But when the “tidal” was seen pulling up, things quickly changed, as if by magic. The station and the quay woke up, indeed. People, hidden from view before, started forth and made for the train, -officials of all sorts, porters, customs' officers, and idlers. Above the sound from the hissing engine arose a hum of many voices in the distance, with cries of “This way for the boat,” oft-times repeated. Great-heart took the children up on to the bridge, that they might get a better view of it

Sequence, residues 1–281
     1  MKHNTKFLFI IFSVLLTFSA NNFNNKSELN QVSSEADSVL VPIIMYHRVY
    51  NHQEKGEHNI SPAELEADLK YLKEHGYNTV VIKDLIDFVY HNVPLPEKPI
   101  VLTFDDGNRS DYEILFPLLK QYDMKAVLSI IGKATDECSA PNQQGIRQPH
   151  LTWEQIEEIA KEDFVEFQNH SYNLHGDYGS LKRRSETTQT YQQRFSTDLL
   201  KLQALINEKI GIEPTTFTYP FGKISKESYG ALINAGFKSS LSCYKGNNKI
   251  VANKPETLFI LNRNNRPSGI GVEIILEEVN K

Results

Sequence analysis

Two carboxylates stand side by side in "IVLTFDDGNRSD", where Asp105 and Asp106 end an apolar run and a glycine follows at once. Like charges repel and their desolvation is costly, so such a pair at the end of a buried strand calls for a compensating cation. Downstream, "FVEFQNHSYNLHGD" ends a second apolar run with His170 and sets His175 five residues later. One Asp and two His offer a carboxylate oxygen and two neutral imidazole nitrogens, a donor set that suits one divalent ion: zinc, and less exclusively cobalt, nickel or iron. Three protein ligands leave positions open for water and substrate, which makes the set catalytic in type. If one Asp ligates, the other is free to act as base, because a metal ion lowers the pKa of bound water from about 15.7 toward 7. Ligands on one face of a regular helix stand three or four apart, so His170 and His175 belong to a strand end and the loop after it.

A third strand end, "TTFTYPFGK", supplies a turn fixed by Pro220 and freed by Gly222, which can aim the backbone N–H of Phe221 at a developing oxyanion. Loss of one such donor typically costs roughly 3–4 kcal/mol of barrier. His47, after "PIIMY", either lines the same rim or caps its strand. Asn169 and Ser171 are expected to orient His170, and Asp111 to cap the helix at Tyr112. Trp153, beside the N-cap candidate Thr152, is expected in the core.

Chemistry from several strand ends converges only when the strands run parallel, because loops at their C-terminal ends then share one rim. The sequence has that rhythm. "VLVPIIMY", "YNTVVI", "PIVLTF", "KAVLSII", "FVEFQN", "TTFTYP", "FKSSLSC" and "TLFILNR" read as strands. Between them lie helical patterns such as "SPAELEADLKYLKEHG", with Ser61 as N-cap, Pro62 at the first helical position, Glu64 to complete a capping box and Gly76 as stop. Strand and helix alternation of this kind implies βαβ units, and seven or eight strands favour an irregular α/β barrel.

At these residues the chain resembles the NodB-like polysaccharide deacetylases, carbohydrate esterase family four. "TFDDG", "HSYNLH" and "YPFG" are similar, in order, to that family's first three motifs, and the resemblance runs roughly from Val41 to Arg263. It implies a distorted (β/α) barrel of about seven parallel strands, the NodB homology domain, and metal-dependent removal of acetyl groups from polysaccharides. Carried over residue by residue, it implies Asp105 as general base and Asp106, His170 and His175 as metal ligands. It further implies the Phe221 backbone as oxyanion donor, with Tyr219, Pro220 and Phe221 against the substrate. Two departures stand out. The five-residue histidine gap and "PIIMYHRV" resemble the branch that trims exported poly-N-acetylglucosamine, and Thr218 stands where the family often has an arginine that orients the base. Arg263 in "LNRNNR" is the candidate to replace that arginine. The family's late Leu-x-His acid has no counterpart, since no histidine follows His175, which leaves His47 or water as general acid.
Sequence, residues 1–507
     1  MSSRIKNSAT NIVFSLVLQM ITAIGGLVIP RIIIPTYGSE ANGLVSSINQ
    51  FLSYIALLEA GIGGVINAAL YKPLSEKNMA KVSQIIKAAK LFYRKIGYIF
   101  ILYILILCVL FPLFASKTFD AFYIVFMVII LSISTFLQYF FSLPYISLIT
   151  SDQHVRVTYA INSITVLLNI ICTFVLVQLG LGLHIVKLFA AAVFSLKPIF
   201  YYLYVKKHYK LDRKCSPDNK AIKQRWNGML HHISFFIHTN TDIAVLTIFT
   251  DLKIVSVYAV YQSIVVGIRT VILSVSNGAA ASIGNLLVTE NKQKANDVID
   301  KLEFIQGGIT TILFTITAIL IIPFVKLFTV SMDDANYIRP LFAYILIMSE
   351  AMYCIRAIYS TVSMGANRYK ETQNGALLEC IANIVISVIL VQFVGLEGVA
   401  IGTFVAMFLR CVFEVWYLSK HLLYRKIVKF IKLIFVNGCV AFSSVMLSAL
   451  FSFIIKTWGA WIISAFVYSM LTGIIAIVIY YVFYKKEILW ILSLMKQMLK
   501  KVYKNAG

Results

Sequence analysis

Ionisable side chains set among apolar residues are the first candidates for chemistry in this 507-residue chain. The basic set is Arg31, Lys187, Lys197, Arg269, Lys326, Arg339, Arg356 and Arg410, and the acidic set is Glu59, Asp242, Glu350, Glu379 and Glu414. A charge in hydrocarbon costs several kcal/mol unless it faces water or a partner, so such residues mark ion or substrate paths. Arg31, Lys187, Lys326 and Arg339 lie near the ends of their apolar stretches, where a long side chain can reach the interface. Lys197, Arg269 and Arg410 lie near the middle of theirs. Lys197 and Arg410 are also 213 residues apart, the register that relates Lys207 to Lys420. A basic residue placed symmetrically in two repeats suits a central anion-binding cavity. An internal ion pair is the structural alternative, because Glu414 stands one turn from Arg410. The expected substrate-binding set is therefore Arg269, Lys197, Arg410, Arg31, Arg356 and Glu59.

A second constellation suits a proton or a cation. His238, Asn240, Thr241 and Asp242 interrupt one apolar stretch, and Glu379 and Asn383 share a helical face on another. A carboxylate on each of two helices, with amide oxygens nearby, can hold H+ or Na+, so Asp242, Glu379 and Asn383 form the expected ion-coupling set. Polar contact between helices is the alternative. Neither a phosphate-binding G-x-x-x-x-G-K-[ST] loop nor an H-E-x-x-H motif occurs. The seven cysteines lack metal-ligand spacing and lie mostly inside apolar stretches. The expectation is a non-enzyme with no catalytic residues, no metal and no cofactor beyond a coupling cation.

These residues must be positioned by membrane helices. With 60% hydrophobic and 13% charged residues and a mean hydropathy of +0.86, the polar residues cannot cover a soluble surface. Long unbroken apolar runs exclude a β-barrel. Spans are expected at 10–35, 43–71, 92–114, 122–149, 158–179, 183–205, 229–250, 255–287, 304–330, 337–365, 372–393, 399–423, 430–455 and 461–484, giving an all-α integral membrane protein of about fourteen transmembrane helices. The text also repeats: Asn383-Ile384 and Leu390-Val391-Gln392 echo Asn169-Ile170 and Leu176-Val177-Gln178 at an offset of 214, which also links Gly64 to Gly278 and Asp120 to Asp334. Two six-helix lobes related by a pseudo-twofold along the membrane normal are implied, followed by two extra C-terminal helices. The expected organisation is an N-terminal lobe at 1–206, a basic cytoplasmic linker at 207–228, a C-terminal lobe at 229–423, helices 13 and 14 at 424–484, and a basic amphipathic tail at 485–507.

all. First, out of the wooden shed rushed the vanguard of that army of tourists, two headlong travellers, armed with hand-bags. On they came, as if their very existence depended on their being on board the boat before those who followed them. But these two had no long start of the others, for hardly had they turned the corner when more appeared, not in two or threes even, but in shoals, one struggling, pushing, luggage-laden, excited crowd, men, women, and children, all filled with great excitement, each one eager to be upon that steamer before his neighbour, everyone, it would seem, filled with a morbid dread (like Trixie had been) lest they should be left behind. The first half-dozen or so got on quickly, and either rushed down into the cabin at once, and were seen no more until they appeared, pale and helpless, at the journey's end, or secured those seats on deck they had so fondly coveted. But the line of people very soon got blocked at the mouth of the narrow bridge, which only drained them off in single file, one by one, on to the steamer, so that from the shed to the boat there reached a mass of heavily-encumbered humanity, chafing under the restraint, and, it must be owned, anything but quiet or orderly. There seemed little politeness or patience, all being alike selfish. Great men, who ought to have known better, jostled rudely against unprotected ladies and children, offering them no assistance whatever ; rough young men even set up shrill whistles, calling loudly the one to the other, or venturing upon muttered gibes at the servants and arrangements of this particular “Service" they had chosen to come by,—as if it were their fault! It really was most diverting, safe up on that bridge, to see the travellers get blocked in that small gangway, which sifted them thus on to the boat; how, laden with their wraps, bags, and parcels, they were either pulled on board bodily by the seamen, or gently propelled onwards against their will by the crowd behind. Many disasters occurred. A bag or two flew open and disclosed its varied contents. A gentleman, armed to the teeth with sticks and umbrellas, whisked round suddenly, and sent a fellowtourist's hat into the water, whence it was subsequently taken, soaked and ruined. An old lady stuck in the middle of the passage, looking indeed as if she were really a fixture there for ever, so tightly was she wedged in; but two men got her out safely at last, and led her on board, hot and agitated. (Probably that good woman would not come abroad again in a hurry!) Then the angry, surging crowd began to flow on once more. It was most amusing to watch all this out of all the scrimmage yourself, of